Matt Zlaket

Preseason All-American Jevon Holland is about to maximize his greatest skills.

In Nickel packages (use of five defensive backs), Graham, Wright and Deommodore Lenoir can utilize their man-to-man coverage strengths on the three best wide receivers they’ll face, while ball hawks Jevon Holland and Brady Breeze use their strengths to suffocate tight ends. Furthermore, both Breeze and Holland are available for their awesome run defense skills.

The Next Chapter

Clearly I’m focusing on the back seven, and for good reason. I believe these personnel moves will bolster an already effective defensive tackle group against the run. In addition, the linebackers have proven their ability to blanket running backs. Imagine jet fuel coverage from the likes of Lenoir, Wright and Graham (when they start facing these awesome wide receivers), and the lock-down match-ups Breeze and Holland will win — oh my!

With Blitz packages galore (see the video above for an introduction to Blitzkrieg 101), we’re primed to witness Avalos’ expert use of his roster’s greatest strengths. Buckle up, Oregon fans — the best is yet to come!

Mike West
Las Vegas, Nevada
Top Photo by Kevin Cline

Natalie Liebhaber, the Volunteer Editor for this article, works in the financial technology industry in Bozeman, Montana.

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David Marsh

Andy Avalos had an invterview this evening with Rob Mosely from

As today’s discussion was about Avalos it has some perfect timing. Well done Mike!

Jon Joseph

Thanks Mike, great and insightful take.

Are you sure that you Sir, is not the master-mind?

Jon Joseph

Thanks Brother and stay safe.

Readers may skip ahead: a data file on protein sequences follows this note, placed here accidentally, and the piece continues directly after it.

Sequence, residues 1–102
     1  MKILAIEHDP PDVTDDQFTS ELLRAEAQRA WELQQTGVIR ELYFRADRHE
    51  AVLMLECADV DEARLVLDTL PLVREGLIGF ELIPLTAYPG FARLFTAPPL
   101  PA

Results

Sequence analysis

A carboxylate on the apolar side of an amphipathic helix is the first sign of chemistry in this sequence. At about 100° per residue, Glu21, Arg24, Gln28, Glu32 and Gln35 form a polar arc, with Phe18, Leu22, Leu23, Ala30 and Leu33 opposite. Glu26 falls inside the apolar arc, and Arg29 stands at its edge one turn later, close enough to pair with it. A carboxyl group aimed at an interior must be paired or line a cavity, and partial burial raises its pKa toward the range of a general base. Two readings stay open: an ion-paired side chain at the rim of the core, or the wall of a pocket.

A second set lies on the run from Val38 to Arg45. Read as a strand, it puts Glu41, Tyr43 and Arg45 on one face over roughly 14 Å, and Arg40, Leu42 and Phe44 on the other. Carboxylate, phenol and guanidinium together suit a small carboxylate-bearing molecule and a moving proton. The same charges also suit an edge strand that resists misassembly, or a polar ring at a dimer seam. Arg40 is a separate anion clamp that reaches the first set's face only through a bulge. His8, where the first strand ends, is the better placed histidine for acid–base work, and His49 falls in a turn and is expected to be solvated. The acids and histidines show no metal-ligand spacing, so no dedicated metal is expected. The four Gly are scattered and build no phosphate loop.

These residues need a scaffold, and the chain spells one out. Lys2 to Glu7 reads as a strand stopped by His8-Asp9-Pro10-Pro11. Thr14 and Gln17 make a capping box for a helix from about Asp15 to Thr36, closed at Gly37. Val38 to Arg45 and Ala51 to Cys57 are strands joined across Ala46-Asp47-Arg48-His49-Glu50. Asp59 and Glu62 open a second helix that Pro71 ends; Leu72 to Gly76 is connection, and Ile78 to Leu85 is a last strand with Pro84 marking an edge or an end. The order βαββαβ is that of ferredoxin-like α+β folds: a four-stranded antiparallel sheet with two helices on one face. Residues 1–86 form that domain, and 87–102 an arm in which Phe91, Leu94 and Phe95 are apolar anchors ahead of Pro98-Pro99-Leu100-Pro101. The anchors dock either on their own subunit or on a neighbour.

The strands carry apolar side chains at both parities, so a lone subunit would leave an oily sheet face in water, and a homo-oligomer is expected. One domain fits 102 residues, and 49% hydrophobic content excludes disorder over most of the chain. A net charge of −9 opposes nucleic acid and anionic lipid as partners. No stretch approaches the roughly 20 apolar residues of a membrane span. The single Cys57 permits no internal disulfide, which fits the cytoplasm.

David Marsh

One of the players that I am super excited about watching next year is Breeze. In Leavitt’s system Breeze didn’t fit the scheme and was sidelined. In Avalos’ schemes Breeze has flourished in a handful of games.

I researched some of the pac-12 championship game the other night and I saw Breeze arm tackles Moss!

In both the pac-12 championship and the rosebowl breeze was everywhere on the field and was ultra physical.

It’s such a great example I feel of how scheme changes everything. A player who didn’t fit Leavitt’s scheme is a star is Avalos’. And if Breeze continues on the path he is on he will be an NFL draft pick. A ball Hawking safety that hits like a linebacker… Who doesn’t want that in their system?

Charles Fischer, Mr. FishDuck

Amen Duck Brothers!

(Click on it for full view)

Brady Breeze makes 4th down stop in Pac 12 Championship_Tom Corno.jpg
Jon Sousa

Breeze has filled the sleeves well.


I’ve been a long time Duck fan since 1960 and have suffered, as many of you graybeards have, through the highs and lows of watching our Ducks.

I must admit though that, until I discovered this site, my knowledge of the game was limited. In the past I only followed the football while watching the action. Since I began watching the many analyses on this site my vision has expanded along with enjoying the game so much more.

I, like all of you, am so excited for this year (hopefully) happening so i can enjoy the many improvements that Coach C has implemented.

Thank You, Mr. FishDuck, for all the time and effort you have committed to this site and for expanding my appreciation for watching Our Beloved Ducks!